Immigrant Access to Care

Last Updated: February 24, 2020

*While this page often uses the term “immigrant,” AAPCHO recognizes the distinct differences between the experiences of asylum seekers, immigrants, migrants and refugees and tailors our efforts and resources accordingly.

At AAPCHO, we believe health care is a right not a privilege—and that all people must have access to affordable quality care, regardless of language, culture, immigration status and ability to pay. AAPCHO supports comprehensive immigration reform that fixes our legal immigration backlogs, provides opportunities for immigrants to earn U.S. citizenship, and eliminates waiting-periods and other restrictions to health care for immigrants. We advocate for programs and policies that eliminate barriers and provide access to all.

The current administration’s policy focus, threats and rhetoric have highlighted immigration issues, often falsely painting foreign-born communities as “takers.” To push back against this harmful agenda, AAPCHO will continue to prioritize the safety, access and rights of AAPCHO member patients, particularly currently targeted communities including foreign-born and/or religious minorities.

In response to the numerous threats to immigrant patients’ safety, access, and rights—and to address the needs of AAPCHO members, Asian Americans (AAs), Native Hawaiians and Pacific Islanders (NHPIs), and all communities we serve—AAPCHO’s immigrant access to care work falls into four important areas:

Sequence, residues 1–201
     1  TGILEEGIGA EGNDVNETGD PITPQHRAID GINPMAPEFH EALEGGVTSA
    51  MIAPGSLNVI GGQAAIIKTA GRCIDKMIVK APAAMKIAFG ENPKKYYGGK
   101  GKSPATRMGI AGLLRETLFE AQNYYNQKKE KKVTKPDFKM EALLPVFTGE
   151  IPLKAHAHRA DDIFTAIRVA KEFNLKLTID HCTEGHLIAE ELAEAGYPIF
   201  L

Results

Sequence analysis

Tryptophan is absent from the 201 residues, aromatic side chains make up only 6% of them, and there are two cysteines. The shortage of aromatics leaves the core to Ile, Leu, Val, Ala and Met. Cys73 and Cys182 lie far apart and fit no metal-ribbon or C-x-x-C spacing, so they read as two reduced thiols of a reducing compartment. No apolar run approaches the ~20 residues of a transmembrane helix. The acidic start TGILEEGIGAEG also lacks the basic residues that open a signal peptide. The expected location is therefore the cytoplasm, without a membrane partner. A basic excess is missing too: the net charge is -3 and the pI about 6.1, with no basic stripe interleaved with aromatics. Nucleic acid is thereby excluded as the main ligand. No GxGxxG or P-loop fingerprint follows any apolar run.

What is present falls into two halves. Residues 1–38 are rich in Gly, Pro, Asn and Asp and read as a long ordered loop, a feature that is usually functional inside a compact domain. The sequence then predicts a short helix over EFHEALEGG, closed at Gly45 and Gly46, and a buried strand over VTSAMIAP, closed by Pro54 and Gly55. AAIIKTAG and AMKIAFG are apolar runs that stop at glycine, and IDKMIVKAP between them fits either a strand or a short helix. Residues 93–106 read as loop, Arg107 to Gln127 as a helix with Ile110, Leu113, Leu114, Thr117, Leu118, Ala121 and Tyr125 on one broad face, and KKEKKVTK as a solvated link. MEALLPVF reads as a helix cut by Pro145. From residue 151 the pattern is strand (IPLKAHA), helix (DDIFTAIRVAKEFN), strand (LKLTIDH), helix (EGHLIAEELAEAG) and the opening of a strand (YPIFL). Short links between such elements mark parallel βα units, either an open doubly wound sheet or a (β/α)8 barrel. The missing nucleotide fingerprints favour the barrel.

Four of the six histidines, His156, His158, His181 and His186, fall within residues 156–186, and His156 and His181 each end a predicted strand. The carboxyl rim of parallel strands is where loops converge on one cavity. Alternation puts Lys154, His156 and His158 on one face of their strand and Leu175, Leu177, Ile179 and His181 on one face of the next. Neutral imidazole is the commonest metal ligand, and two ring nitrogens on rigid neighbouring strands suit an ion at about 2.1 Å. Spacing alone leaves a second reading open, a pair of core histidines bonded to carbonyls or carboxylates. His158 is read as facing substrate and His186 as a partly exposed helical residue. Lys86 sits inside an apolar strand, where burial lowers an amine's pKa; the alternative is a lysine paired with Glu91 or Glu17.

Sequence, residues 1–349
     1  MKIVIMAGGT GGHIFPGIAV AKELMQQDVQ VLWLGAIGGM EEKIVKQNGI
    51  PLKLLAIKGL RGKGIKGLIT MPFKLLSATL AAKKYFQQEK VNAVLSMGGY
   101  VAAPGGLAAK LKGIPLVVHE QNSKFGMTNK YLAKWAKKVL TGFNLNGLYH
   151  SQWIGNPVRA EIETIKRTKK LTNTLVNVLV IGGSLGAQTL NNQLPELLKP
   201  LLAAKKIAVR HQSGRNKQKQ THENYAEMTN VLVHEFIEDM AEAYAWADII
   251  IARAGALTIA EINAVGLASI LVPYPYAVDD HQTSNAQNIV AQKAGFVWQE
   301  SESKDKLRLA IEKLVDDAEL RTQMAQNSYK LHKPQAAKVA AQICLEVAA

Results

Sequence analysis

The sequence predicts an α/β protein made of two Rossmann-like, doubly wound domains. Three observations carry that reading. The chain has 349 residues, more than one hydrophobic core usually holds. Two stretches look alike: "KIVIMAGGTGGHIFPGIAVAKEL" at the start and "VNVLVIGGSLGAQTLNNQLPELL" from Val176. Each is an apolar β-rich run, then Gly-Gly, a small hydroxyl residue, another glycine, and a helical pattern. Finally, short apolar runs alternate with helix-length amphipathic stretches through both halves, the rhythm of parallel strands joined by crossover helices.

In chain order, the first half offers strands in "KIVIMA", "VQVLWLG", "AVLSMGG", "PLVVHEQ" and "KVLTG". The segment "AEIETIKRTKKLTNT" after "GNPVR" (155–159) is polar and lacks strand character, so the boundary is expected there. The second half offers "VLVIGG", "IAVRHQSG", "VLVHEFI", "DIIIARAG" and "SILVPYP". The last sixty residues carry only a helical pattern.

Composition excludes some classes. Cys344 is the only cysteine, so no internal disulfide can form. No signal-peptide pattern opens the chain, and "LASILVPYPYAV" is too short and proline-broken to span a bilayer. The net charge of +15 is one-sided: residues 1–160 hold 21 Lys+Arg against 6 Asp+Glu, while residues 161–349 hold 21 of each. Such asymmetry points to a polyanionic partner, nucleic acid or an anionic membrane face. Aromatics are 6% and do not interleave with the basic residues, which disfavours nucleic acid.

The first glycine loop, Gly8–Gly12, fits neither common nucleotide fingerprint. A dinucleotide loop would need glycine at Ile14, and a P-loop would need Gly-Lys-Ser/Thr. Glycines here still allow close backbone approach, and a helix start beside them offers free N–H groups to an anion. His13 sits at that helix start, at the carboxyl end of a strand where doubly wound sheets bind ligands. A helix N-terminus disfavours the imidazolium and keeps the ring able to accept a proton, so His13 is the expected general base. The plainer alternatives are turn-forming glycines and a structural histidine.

1. Addressing Public Charge
  2. Protecting Immigrant Access and Eligibility
  3. Monitoring Enforcement at Health Centers
  4. Combating Fears

We are proud to partner in this work with organizations such as the Asian Americans Advancing JusticeCaliforniaHealth+California Primary Care AssociationCenter for Law and Social PolicyNational Council of Asian Pacific AmericansNational Immigration Law Center (NILC), and others to advance the needs of our centers and patients.

Addressing Public Charge

The Trump administration has issued a proposed regulation that expands the definition of “public charge” and puts the health and well-being of immigrant families at risk. Although there have been no finalized changes in the administration’s designation of “public charge,” at the moment, this proposed regulation has instilled fears of change in public charge designation. The new rule would force immigrant families to choose between basic needs like health care and keeping their loved ones together. We call on the administration to rescind this proposal to ensure that immigrant patients and families are not put at risk. AAPCHO has been working to combat the proposed regulation on public charge and address fears of these changes impacting patients’ access to care. We have been working to strengthen connections to key legislators and state-level administrators in the case of a public charge issue, and collaborating with fellow stakeholders in immigration and health advocacy.


AAPCHO, with our members and other national, state and local partners, works to advocate against any threats to the health and well-being of Asian American (AA), Native Hawaiian and Pacific Islander (NHPI), and other vulnerable communities served at community health centers that would be disproportionately impacted by detrimental changes to public charge policy. AAPCHO has been working to strengthen connections to key legislators and state-level administrators and collaborating with fellow stakeholders in immigration and health advocacy to advocate against an expansion of public charge.